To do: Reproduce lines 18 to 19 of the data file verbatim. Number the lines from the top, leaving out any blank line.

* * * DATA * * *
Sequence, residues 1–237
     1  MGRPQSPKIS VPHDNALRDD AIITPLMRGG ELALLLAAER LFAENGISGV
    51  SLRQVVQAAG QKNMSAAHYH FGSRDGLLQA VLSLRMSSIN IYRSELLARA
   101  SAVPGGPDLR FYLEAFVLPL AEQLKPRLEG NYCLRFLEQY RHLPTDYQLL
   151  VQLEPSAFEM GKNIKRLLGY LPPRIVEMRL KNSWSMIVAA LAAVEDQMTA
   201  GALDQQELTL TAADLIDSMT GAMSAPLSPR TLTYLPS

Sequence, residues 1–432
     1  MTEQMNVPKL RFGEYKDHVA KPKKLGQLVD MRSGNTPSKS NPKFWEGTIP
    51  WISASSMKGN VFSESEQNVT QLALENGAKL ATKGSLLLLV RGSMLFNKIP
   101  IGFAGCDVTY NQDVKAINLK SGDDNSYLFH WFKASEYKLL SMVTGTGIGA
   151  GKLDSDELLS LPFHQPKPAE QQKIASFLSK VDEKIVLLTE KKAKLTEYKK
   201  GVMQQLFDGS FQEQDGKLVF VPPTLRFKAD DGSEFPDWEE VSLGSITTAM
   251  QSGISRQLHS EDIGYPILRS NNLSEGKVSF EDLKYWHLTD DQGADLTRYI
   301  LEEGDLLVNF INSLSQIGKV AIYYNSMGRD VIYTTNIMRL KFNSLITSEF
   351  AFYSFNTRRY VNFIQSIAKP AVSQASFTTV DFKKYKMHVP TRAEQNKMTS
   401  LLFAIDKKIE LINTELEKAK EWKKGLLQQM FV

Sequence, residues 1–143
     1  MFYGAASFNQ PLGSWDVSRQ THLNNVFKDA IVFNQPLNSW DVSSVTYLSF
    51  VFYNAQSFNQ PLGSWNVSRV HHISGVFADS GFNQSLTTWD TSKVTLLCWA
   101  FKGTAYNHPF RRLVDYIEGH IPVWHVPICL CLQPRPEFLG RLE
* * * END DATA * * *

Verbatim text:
     1  MFYGAASFNQ PLGSWDVSRQ THLNNVFKDA IVFNQPLNSW DVSSVTYLSF
    51  VFYNAQSFNQ PLGSWNVSRV HHISGVFADS GFNQSLTTWD TSKVTLLCWA